Monday, 17 March 2014

The precious stuff

Apologies for the disruption to blog services. We've been - and remain - seriously distracted by events taking place outside the main arena.

Lots to talk about with Pops

Freddy on the grill, Mike on the phone

Family lunch on the rooftop at Sam and Madi's place

Never a dull moment with Barb
Lunch on Ponsonby Road with Bridget

Family and Friends Inc. I used to think I had this part of life pretty well sorted, but one thing you should never forget about people, even people you've known forever, is that they're dynamic. And I'm not just talking about the young ones. Alex and I often ask ourselves how we managed to stay upright - emotionally, that is - before we took to the water. Perhaps we didn't. Or perhaps these things become way more difficult when you're out of practice.

Puds and her builder Greg consider the spaces at her new house

In New Zealand, we concentrated our attention on my mother who is counting down the days until she moves off the farm and into a smaller house on Orewa beach.  Her retirement home, so-called. It's a big step for her, but one of her choosing. That's the critical point when you start to see old age looming down on you, isn't it? Get out before something or someone takes you out.

Puds on her kitchen phone

Moving along some of the family crystal

Last lunch at the outside table

Nod comes to clear out Dad's workbench and tools

The final visit to Dad's grave under the kauri tree

The farm looked more beautiful than ever as we said our final goodbye. The olive trees are groaning - the harvest should be a bumper one; there's a cygnet on the dam which has survived the combined killing force of ferrets, stoats and hawks which perennially take all the swans' offspring; the hens are laying better than ever; around the house, the quince tree is laden and the old-fashioned roses are making a strong finish; down in the natives (as we call the gully which mum and dad planted 25 years ago with thousands of New Zealand native plants) there's a big rusty-orange stain all over the kaihikatea trees. Berries galore. Good tucker for the birds.

My parents brought this place into being in the time it took for my children to grow from babies to young adults. Different projects for different times of life, I guess, but what an achievement theirs has been.

The new owner Ross is a former dairy man from the Waikato region. His trucks and sundry farm machinery are already parked behind the barn. His time begins soon.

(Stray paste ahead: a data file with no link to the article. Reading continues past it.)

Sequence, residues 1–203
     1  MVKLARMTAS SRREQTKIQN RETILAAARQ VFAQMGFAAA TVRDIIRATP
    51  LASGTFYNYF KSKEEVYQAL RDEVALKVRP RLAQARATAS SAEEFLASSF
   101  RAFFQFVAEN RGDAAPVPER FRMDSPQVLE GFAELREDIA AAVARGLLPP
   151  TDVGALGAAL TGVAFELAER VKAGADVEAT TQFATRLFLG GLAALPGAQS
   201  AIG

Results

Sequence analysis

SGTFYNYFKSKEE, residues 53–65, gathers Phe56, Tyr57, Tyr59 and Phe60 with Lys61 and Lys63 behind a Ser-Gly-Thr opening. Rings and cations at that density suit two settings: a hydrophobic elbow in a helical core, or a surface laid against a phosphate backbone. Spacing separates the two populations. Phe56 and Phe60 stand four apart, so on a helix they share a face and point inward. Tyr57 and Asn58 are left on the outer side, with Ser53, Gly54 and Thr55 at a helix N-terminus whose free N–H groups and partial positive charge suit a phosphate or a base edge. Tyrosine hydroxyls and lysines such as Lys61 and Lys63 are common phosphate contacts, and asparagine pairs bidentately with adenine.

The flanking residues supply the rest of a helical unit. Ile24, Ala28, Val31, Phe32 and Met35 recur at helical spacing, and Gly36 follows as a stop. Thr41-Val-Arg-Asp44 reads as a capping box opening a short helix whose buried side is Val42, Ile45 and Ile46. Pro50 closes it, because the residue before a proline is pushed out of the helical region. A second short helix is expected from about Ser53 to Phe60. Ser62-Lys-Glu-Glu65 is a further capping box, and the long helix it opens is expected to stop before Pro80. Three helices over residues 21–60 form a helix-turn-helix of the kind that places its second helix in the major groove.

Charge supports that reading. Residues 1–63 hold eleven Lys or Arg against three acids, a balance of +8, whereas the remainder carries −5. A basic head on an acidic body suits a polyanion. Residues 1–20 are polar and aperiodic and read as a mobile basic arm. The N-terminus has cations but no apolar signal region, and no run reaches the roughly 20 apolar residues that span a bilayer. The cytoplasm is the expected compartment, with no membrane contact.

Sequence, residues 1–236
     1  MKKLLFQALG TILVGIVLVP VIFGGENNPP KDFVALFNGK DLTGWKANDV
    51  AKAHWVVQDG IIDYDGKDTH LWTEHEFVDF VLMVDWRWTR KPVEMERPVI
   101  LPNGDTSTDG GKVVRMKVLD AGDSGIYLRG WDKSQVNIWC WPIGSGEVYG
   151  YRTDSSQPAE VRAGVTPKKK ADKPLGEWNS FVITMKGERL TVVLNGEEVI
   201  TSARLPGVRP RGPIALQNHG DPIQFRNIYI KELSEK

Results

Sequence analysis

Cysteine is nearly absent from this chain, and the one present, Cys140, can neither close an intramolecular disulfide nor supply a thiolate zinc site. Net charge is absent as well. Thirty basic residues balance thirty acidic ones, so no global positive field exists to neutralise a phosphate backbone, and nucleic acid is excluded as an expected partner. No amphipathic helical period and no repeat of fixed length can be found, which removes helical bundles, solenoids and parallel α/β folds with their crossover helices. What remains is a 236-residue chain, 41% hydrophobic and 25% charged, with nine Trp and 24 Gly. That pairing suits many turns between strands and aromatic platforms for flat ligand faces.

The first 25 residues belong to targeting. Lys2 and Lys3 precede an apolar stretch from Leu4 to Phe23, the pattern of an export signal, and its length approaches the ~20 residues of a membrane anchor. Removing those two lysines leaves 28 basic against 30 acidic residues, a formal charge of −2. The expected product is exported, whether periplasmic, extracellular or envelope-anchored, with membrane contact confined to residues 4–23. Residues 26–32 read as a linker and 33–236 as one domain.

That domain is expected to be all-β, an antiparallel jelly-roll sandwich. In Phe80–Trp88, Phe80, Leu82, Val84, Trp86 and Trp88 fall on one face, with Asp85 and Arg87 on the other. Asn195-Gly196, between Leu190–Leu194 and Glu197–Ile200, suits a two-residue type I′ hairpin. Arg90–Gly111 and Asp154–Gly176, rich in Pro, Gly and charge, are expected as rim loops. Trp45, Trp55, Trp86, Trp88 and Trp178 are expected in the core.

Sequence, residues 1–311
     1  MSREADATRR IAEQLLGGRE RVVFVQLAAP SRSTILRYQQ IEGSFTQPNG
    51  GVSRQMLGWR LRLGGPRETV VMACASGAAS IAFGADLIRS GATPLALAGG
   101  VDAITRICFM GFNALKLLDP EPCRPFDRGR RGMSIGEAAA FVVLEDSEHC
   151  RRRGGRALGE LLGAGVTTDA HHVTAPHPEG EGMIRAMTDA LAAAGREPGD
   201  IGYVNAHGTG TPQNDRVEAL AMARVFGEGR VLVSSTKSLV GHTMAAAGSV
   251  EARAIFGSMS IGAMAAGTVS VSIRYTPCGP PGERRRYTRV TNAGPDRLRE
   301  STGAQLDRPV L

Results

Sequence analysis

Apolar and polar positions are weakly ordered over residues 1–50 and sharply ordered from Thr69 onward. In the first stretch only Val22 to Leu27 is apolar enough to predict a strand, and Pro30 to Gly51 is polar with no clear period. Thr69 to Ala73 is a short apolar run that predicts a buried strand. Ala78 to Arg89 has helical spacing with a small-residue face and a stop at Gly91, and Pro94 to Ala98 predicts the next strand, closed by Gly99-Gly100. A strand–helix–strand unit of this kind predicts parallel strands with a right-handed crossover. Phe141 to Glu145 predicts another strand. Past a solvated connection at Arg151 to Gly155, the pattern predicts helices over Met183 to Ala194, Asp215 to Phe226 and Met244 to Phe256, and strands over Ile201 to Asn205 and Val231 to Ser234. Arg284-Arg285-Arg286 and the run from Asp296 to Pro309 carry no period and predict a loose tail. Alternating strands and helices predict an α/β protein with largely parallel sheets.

Ross's truck in waiting

In winter, it all turns to mud - you've got to like mud to be a farmer

Your head is bigger than mine, Kaspar

A long dry summer for birds and beasts

The swans' feeding station by the dam

Sole survivor of the nest of 2014

The path through the natives

Kaihikatea berries in abundance

Galactic on the hard in Whangarei
Our three plus weeks in New Zealand are already a blur. We left 24 hours before a tropical cyclone bore down the North Island Our friends on Galactic chose that particular weather window to re-launch after a long month in the boatyard. Only a tiny sub-set of sailors rub their hands with glee to be back in the water with a tropical cyclone on the radar. Galactic is hard-core. If you haven't been keeping up with their adventures, here's a reminder to do so. Mike and Alisa and their junior crew Elias and Eric are heading up to French Polynesia soon and from there to Patagonia. Enki doesn't do cold-climate sailing (or at least not by choice), so we caught up with them in Whangarei, and again at the beach. I imagine Elias will be talking about the big snapper he reeled in off the back of Andy's fizz boat for a quite a while.

Elias ready to go fishing with Andy

Alisa and Elias show off his fish to their best advantage

Elias discovers the taste of feijoas - his big fish is in foil
Eating someone else's fish - Galactic crew in Whangarei

In Sydney again, for better and, it now seems, perhaps for worse. News last night of a shocking cycling accident involving our friends Tony and Gillian. We are holding them in the front of our minds.

Gillian and Tony at our place on Friday 14 March

Whenever we're asked about our cruising plans for the next few years, we preface our reply with the phrase "given that our health holds up and everyone important to us keeps ticking along nicely with their lives..." It's a lot to ask, isn't it? Lives don't really tick along. They lurch and roll and get blown about by gales and you're very lucky if you get a run of idyllic conditions, such as we've enjoyed these past couple of years on Enki. You tell yourself, it can't last. But don't we all want to believe that it will?

Mike, Dave and Louis

Pops and Madi
Pauline and Louis

Birthday dinner with Sam, Pops and Fred
Look at these "kids" of ours. Fine specimens, all of them, in their physical prime. Life seems long when you're in your twenties and early thirties. I turned 57 yesterday. If I could go backwards, I'd start again at 27. Sam is that age now, just hitting his stride. Great to watch. But why not rewind to six weeks old and start all over with Louis?

He's a restless little chap, but yesterday he snuggled against his grandpa's chest for a solid hour or so. Seizing the moment, I guess. You can't start too early doing that.

Getting cosy

Hanging out with the boys


  1. Hi Diana,

    I still keep up with your adventures. I am glad to see all is well. I tried to call you, but the number no longer works.


  2. not "hard-core", just "low boredom threshold"?

    sorry to hear about Gillian and Tony...